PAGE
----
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Community-Based Program Cut ED Visits by Nearly 30%

News  |  By Alexandra Wilson Pecci  
   October 04, 2017

The program also reduced hospital admissions and increased the use of primary care doctors. 

A community-based program that helped high ED users get things like household resources, access to transportation, and help applying for assistance programs reduced ED visits and hospital admissions, finds new research.

It also increased the use of primary care doctors, according to the study published in the journal Health Affairs.

"Many programs have tried to tackle the problem of high utilizers of hospital emergency departments. These are usually people who are on Medicaid," the study's first author Roberta Capp, MD, an assistant professor of emergency medicine at the University of Colorado School of Medicine, said in a statement. "But this is the first program to show that care coordination actually works."

Capp and her team used and evaluated Bridges to Care (B2C), an ED-initiated, community-based program. It was one of four sites funded by a CMS Innovations grant. The program was led by Rutgers University Center for State Health Policy and developed in collaboration with four Colorado stakeholders including an urban academic hospital, a network of 13 local federally qualified health centers, a mental health clinic and a community advocacy organization.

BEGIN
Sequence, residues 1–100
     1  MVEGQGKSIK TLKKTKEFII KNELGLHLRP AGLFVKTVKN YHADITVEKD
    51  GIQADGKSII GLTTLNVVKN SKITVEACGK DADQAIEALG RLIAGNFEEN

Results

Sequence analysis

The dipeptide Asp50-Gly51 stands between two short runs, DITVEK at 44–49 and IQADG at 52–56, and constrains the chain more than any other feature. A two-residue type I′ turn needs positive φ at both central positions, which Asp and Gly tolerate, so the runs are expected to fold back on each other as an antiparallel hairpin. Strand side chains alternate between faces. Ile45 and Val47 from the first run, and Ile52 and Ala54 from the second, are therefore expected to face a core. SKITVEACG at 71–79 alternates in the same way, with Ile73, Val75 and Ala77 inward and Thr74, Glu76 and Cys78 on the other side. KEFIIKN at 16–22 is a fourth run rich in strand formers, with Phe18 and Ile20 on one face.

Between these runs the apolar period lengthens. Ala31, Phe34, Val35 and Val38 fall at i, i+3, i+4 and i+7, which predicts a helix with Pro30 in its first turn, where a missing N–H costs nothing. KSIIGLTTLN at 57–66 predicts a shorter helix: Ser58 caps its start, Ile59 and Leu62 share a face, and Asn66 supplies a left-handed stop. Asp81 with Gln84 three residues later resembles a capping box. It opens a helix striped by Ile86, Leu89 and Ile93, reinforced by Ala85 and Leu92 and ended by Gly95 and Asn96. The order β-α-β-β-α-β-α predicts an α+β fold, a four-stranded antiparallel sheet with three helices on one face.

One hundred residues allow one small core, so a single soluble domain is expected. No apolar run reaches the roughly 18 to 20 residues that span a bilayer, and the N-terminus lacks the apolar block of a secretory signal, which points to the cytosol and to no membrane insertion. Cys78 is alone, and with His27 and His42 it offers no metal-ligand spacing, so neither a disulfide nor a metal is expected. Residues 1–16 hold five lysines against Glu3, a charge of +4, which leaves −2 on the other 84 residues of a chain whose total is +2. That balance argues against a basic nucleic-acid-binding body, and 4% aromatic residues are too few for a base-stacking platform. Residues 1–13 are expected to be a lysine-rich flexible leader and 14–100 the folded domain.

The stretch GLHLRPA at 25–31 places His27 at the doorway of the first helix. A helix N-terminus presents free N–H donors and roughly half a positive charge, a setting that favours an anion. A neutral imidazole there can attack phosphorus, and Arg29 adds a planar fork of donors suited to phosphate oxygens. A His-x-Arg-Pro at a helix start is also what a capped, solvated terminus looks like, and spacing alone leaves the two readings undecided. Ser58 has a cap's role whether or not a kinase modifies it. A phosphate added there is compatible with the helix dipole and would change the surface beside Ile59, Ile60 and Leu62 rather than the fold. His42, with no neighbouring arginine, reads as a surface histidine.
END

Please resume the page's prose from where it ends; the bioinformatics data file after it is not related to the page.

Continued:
The B2C program targeted Medicaid-eligible high ED users, defined as adults who had two or more ED visits or hospital admissions within the last 180 days.

These patients got a personally tailored, 60-day care plan that included housing help, refugee services, and access to transportation. They also got help applying for insurance and disability benefits, setting up medical appointments, and filling prescriptions, among other services.

During the six months after B2C enrollment, the participants had:

  • 29.7% fewer ED visits
  • 30% less hospitalizations
  • 123% more primary care visits than the control subjects

"There is a perspective from multiple stakeholders that high users of the ED are difficult patients," Capp said. "But this study shows that patients use the ED because of there are serious barriers to care.”

Those barriers can include multiple chronic diseases, including mental illness, the authors said.

Although care coordination has been shown to reduce costs, other programs aimed at reducing ED usage have been only hospital based and have had mixed results, the researchers said.

The difference with the B2C intervention is that it combines active ED outreach with multidisciplinary, community-based services, including a care coordinator, a health coach, a behavioral health specialist, a community health worker, and frequent home visits.

"We believe that our success stems from bringing together different healthcare systems, breaking down silos between disciplines and focusing on continuity of care in the outpatient setting," Capp said.

"We learned that active outreach in the ED is key to ensuring successful high utilizer and enrollment and engagement," the study said.

Alexandra Wilson Pecci is an editor for HealthLeaders.

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